THE ABSORPTION SYSTEM(25)Three things must be rememberedwhen diagnosing a cooling unit:First, circulation within the cooling unit is totally gravitational. Thismeans proper leveling is important.Second, heat - created to boilthe ammonia - now has to be dissipated into the surrounding air. Heatfrom the absorber and condenser mustalso be dissipated so as to cool theammonia sufficiently.Third, proper heat application atthe boiler LER(26)DIAGNOSINGTHECOOLING UNITWhen diagnosing a cooling unit, remember thisis the only part we cannot field check with testequipment, yet it is the simplest and quickestpart to diagnose.(27)After the unit has been operating forapproximately one hour, carefully touch the unitat the boiler box and the absorber area. Theseareas should be approximately the sameof the ambienttemperature,regardlesstemperature. Equal heat between the boiler andthe absorber indicates the fluid circulation withinthe unit is good.TEMPERATUREbGOOD CIRCULATIOND-6-10

(28)One of the faults with a cooling unit isa blockage. This can happen when theunit is operated off-ievel, or if too muchheat has been applied to the boilerarea. To the touch, this unit will beextremely hot at the boiler with littlewarmth at the absorber. In other words,no circulation.i --TG-- BOILER(29)This type of fault means a lost charge.It is known as a ‘leaker’. To the touch,this unit will be warm at the boiler andextremely hot at the absorber. In thiscondition we are still boiling ammoniabut have no hydrogen for evaporation.HOT GAS ONLY(30)The following section of the programexamines the Dometic manual refrigerator’s gas and electrical systems.Dometic refrigerators are designed forboth piezo and automatic ignition. Bothsystems will be covered in this presentation.D-6-1 1WARMBOILER. i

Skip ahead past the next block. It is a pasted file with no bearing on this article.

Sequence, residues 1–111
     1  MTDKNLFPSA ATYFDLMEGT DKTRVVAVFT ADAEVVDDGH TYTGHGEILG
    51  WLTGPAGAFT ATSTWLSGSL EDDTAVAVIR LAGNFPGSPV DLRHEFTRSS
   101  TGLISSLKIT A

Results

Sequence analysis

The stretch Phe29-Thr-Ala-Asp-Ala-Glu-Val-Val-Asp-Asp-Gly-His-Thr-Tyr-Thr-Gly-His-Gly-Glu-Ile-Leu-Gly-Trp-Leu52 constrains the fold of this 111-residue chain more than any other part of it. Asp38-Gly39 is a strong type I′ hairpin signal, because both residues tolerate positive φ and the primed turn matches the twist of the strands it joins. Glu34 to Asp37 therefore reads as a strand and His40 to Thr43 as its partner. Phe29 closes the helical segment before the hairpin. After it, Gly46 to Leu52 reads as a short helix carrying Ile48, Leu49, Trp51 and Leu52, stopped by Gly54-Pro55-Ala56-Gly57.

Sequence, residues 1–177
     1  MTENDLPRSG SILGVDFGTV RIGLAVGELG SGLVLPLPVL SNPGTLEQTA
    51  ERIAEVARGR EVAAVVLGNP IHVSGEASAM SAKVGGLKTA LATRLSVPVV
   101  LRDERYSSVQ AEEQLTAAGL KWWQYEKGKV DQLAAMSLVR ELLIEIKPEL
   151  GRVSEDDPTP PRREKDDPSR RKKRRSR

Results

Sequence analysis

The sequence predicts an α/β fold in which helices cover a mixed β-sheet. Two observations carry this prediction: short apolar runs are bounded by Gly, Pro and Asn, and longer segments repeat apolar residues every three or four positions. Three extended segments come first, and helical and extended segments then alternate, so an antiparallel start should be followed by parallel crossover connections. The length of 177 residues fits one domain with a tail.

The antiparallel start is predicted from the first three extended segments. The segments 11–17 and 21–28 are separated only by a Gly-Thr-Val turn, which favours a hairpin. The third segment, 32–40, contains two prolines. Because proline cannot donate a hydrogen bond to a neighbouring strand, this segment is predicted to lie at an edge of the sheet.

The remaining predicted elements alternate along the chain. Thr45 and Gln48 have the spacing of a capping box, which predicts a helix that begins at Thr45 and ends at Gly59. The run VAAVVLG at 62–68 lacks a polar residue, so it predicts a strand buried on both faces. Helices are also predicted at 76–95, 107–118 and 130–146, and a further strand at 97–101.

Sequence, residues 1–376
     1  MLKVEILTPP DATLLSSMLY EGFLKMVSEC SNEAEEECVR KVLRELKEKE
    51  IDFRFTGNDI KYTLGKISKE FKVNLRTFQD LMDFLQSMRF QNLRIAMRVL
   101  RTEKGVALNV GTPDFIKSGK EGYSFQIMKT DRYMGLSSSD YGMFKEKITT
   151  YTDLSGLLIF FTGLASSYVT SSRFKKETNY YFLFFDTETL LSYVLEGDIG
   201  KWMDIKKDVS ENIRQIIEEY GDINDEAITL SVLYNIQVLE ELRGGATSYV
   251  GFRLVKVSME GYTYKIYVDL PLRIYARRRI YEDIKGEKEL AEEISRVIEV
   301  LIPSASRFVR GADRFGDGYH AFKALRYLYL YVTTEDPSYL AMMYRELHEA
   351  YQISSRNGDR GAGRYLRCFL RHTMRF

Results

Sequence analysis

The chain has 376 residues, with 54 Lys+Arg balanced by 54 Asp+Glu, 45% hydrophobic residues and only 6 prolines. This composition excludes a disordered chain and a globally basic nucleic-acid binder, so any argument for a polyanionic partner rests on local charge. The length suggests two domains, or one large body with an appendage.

UNDERSTANDINGTHEGAS SYSTEM(31)Let’s look at the current Dometic refrigeratorsand see how the gas flows.SHUT-OFFVALVE(32)Gas flows from the gas line to the shut-off valveand to the connection piece.I cYz zcGAS LINECONNECTIONPIECE(33)COMBINATIONGAS & ELECTRICTHERMOSTATinto the combination gas and electric thermostat(34)WSAFETY VALVE/through the safety valve thermocouplePRESSURETESTHOUSING(35)test housingD-6-12v”

(36)and onto the orifice and burner assembly.Remember that except for the connection piece,all fittings are O-ring sealed. Whenever thesystem is separated the O-rings must bereplaced.ORIFICE & BURNERASSEMBLY(37)To diagnose the gas system, connect amanometer to the test point. With thethermostat on maximum you must have 11inches water column pressure at this point. Ifyou have 11 inches pressure, your problemIs to the right of the test point. If you do nothave 11 inches water column pressure, theproblem Is to the left.f ? DIAL SHAFT(38)Let’s take a closer look at the gas thermostat.In this drawing we will review how a thermostatfunctions. When the thermostat is workingproperly, the manometer will read line pressurewhen set at maximum and the refrigerator istrying to cool. From this drawing you can seethe gas flow when the refrigerator is trying tocool. The gas flows through the thermostat atline pressure without restriction. The valve isopen at this time.VALVE DIAL SHAFTq. /--c(39)The valve is now closed and the gas must flowthrough the by-pass screw; the gas is nowdiverted through the by-pass screw, whichregulates the size of the low flame. Thiscondition can only exist when the refrigerator iscold or the thermostat is set to minimum or off.If the sensing tube has lost its pressure, evenwith the thermostat set on maximum, you willhave only low flame.i&‘-TSCREWD-6-13w--CLOSED VALVE,-